It’s a Process

Just knocked out five more batches/pages of census index. I’ve entered more than 3400 names so far, and was starting to get a little cocky about it, but then I met an enumerator who knew just where to hit me where it would hurt.

After the first couple of pages of his, I ¬†got to where I could read his writing most of the time. I managed a 95% conformance on the first page despite his switching between names and abbreviations, ditto marks and slashes, etc.He never did indicate who the source of information was, but it’s too late to track him down for a reprimand now.

As I got into the pages where he started entering the Head by last name and initials, I started to take it a little personally. Then he stopped recording the first names of the wives. Seriously, the Head might be, for example, “Jones”, “K C”, and the wife would then be “Jones”, “K C”, “Mrs”. A whole page like that. If you have a relative in Brooks County, Georgia, I just indexed what he wrote; after that, you’re on your own. (Son of a gun; I was supposed to mark the field for Mrs. Jones’ given name “Blank” and put the “Mrs” in the next field. Dang!)

I was thinking again today about what the enumerators had to write with. Consider that the ballpoint pen wasn’t patented in Britain until 1938, and didn’t go on sale in the U.S. until 1948. All of the letters I’ve found from my father to my mother were written in pencil. My first fountain pen, a Sheaffer, back in 1957 or so, siphoned ink from a bottle into a reservoir, although by high school they had those cartridges of ink you could carry around. I’m a little more forgiving of some of the smudges on the census sheets, but only a little.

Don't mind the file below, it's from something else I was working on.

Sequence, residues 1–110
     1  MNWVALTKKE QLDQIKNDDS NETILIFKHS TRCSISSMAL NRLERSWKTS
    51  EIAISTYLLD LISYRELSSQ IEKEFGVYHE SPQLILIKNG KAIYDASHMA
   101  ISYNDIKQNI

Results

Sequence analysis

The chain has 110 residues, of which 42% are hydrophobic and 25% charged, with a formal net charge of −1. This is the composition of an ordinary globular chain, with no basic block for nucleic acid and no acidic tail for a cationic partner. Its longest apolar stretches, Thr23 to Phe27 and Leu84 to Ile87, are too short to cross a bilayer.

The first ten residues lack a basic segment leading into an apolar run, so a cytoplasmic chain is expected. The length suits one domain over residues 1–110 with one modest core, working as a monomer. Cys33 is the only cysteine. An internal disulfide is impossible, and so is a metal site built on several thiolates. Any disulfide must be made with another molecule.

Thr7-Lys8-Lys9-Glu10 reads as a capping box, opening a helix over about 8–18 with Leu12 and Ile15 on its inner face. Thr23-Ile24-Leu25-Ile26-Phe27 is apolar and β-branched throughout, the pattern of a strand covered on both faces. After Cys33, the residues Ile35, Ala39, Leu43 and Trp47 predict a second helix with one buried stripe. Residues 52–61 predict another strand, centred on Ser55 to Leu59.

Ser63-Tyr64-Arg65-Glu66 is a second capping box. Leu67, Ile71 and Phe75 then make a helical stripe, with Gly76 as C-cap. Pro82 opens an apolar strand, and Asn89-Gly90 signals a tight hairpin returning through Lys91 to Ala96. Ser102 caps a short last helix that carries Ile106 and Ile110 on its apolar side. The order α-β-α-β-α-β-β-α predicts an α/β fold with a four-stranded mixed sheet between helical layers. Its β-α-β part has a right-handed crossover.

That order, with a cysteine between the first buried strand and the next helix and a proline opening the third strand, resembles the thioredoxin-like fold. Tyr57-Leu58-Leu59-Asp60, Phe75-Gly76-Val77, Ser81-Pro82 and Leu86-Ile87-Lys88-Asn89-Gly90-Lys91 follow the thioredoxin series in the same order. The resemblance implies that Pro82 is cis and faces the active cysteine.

I don’t know at what point the census process began to be automated. I think I read that one of the earliest mainframes was delivered in time for 1950 census, so maybe indexing will be obsolete after this. At least in our process I believe there have been two indexers who have either agreed on their transcription or an arbitrator has adjudicated the differences. Can’t imagine what the first automated census is going to come out looking like. Remember in 2000 a little hanging “chad” screwed up a Presidential election.

I need to reread the rules of indexing. I’d have done better than 95% but was gigged because I took the liberty of correcting the enumerator’s work. For instance, he wrote something starting with an “Moult….” in “Colqui..” county, which I transcribed as Moultrie in Colquitt. I’m sure the arbitrator was correct because you can’t just have every indexer in the process doing their own “corrections,” but it didn’t feel right to leave it wrong. I’m sending myself back to school as penance.

 

Comments are closed.